We're returning from the Coromandel, heading back towards Auckland,
and I'm in the back seat, staring out the window.
Blurs of green and yellow and bitumen blue. 
In the rear view mirror I can see Tracey, just her eyes,
and in the side mirror is Rach, just her collarbone, which I adore.

This landscape is so beautiful.  Wide grassy plains, with occasional tightly gathered cows,
heads all together like they’re planning a coup.

It’s the horizon that is the most striking now.  These fields could belong to my own Australian landscape except for their horizon.  Volcanic misty peaks, layered and foliage’d and quietly exciting.  Patches of sunlight drift over the trees, like golden jellyfish ghosts.

Our lively conversation of the morning has dropped off now, replaced with a comfortable peace.  Tracey reaches for her coffee, her eyes in the mirror are distant, contemplative.
I start thinking about connection, how we do it and why.

Out here in the vastness, it’s easy to feel insignificant, small, distant.

As if she saw my thoughts in her side mirror, Rach reaches a hand back behind her seat, fingers reaching, her palm a question,
“Will you connect with me?  Will you bridge this gap?”

My fingertips find her palm, and hers find mine, and we share a moment of no words, conveying soul-thoughts with the lightest touches, telling our heart stories to each other with tiny pressures and traces and piano taps.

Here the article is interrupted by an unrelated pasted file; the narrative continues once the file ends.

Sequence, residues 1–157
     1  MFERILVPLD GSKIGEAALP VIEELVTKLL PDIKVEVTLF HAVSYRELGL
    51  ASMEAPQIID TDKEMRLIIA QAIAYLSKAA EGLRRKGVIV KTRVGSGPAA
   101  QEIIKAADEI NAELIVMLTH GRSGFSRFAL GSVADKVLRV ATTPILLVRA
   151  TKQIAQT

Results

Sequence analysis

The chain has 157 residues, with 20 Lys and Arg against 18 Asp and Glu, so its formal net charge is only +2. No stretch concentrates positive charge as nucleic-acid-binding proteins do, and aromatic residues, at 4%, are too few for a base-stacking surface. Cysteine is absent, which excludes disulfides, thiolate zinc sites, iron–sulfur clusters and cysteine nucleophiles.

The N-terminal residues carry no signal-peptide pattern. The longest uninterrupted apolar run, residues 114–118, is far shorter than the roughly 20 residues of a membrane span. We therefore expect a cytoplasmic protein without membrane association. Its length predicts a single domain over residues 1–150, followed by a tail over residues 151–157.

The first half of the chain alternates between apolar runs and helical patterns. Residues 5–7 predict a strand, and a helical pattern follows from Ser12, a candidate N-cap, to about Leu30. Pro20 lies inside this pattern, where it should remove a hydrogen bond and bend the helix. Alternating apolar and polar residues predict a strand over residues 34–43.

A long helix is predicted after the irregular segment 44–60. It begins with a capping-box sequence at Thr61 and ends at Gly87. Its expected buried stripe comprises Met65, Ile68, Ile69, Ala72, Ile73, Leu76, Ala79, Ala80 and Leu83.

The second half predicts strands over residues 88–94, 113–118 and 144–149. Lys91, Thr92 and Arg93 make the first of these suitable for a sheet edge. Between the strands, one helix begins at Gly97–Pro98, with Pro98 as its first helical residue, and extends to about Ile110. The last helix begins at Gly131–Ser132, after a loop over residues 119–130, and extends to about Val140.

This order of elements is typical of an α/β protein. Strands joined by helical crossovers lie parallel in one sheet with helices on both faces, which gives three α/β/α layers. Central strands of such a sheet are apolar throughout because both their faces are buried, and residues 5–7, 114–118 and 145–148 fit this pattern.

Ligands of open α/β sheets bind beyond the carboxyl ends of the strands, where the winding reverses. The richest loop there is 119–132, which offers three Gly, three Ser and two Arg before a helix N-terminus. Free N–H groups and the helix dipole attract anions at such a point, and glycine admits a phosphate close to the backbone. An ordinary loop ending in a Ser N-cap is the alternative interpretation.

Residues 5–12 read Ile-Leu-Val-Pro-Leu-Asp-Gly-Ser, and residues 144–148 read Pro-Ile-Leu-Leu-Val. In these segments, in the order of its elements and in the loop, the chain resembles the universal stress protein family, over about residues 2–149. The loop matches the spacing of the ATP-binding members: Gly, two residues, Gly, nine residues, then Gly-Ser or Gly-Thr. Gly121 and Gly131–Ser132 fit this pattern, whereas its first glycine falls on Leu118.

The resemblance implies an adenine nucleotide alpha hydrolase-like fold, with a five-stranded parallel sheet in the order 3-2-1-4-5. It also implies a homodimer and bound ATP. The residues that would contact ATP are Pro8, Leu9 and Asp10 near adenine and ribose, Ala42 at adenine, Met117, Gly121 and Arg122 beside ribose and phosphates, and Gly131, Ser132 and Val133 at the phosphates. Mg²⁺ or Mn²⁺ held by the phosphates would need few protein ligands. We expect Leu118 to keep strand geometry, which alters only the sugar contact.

I think connecting is work, and it’s risking rejection,
and it demands a sacrifice of our time and our comfort and our independence.
And the more we connect, the more these stakes rise.
We sacrifice our reputation for vulnerability, hoping and trusting that this other soul will be a safe place for all of that.  And we do it again and again, in so many forms, even after being hurt.

What’s the payoff for all this connecting work?
Nothing tangible, really.  Just feelings and self-worth and something we call “community”.
And that intense heat in our souls that make us want to give and sacrifice even more,
even if it costs us our life.

And maybe, also, when we connect we are voicing a solidarity -
That us humans, in all this wide open infinite, are doing ok, and are worthy of being here,
and are not alone.